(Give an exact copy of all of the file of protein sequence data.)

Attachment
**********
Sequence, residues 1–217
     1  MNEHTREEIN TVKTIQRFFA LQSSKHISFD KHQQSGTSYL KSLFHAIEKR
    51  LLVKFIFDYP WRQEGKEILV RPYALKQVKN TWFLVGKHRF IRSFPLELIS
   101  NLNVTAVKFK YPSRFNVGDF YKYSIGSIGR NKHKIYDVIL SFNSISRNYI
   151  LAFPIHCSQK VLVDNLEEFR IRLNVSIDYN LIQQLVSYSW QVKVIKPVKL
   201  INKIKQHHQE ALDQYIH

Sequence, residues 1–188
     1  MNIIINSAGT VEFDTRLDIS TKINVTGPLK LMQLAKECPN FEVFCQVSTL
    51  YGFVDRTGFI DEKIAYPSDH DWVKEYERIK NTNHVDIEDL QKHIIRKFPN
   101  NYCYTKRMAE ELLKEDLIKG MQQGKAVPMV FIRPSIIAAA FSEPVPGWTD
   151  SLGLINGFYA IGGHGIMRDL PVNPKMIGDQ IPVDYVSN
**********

Sequence, residues 1–217
     1  MNEHTREEIN TVKTIQRFFA LQSSKHISFD KHQQSGTSYL KSLFHAIEKR
    51  LLVKFIFDYP WRQEGKEILV RPYALKQVKN TWFLVGKHRF IRSFPLELIS
   101  NLNVTAVKFK YPSRFNVGDF YKYSIGSIGR NKHKIYDVIL SFNSISRNYI
   151  LAFPIHCSQK VLVDNLEEFR IRLNVSIDYN LIQQLVSYSW QVKVIKPVKL
   201  INKIKQHHQE ALDQYIH

Sequence, residues 1–188
     1  MNIIINSAGT VEFDTRLDIS TKINVTGPLK LMQLAKECPN FEVFCQVSTL
    51  YGFVDRTGFI DEKIAYPSDH DWVKEYERIK NTNHVDIEDL QKHIIRKFPN
   101  NYCYTKRMAE ELLKEDLIKG MQQGKAVPMV FIRPSIIAAA FSEPVPGWTD
   151  SLGLINGFYA IGGHGIMRDL PVNPKMIGDQ IPVDYVSN